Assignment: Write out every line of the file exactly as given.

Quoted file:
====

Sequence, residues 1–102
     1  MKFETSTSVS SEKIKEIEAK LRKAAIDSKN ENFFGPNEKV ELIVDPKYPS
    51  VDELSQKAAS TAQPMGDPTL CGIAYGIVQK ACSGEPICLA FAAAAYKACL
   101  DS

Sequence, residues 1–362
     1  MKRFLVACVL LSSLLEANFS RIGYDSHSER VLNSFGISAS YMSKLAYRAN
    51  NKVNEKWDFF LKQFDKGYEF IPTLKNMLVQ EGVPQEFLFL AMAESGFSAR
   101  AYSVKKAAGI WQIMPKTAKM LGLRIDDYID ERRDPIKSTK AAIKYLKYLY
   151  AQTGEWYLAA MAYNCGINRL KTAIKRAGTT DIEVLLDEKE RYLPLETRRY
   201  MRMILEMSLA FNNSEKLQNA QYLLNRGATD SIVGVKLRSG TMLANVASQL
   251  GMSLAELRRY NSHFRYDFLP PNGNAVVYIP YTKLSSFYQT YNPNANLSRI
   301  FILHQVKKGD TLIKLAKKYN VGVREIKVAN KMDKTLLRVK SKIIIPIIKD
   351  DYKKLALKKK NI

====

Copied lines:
Sequence, residues 1–102
     1  MKFETSTSVS SEKIKEIEAK LRKAAIDSKN ENFFGPNEKV ELIVDPKYPS
    51  VDELSQKAAS TAQPMGDPTL CGIAYGIVQK ACSGEPICLA FAAAAYKACL
   101  DS

Sequence, residues 1–362
     1  MKRFLVACVL LSSLLEANFS RIGYDSHSER VLNSFGISAS YMSKLAYRAN
    51  NKVNEKWDFF LKQFDKGYEF IPTLKNMLVQ EGVPQEFLFL AMAESGFSAR
   101  AYSVKKAAGI WQIMPKTAKM LGLRIDDYID ERRDPIKSTK AAIKYLKYLY
   151  AQTGEWYLAA MAYNCGINRL KTAIKRAGTT DIEVLLDEKE RYLPLETRRY
   201  MRMILEMSLA FNNSEKLQNA QYLLNRGATD SIVGVKLRSG TMLANVASQL
   251  GMSLAELRRY NSHFRYDFLP PNGNAVVYIP YTKLSSFYQT YNPNANLSRI
   301  FILHQVKKGD TLIKLAKKYN VGVREIKVAN KMDKTLLRVK SKIIIPIIKD
   351  DYKKLALKKK NI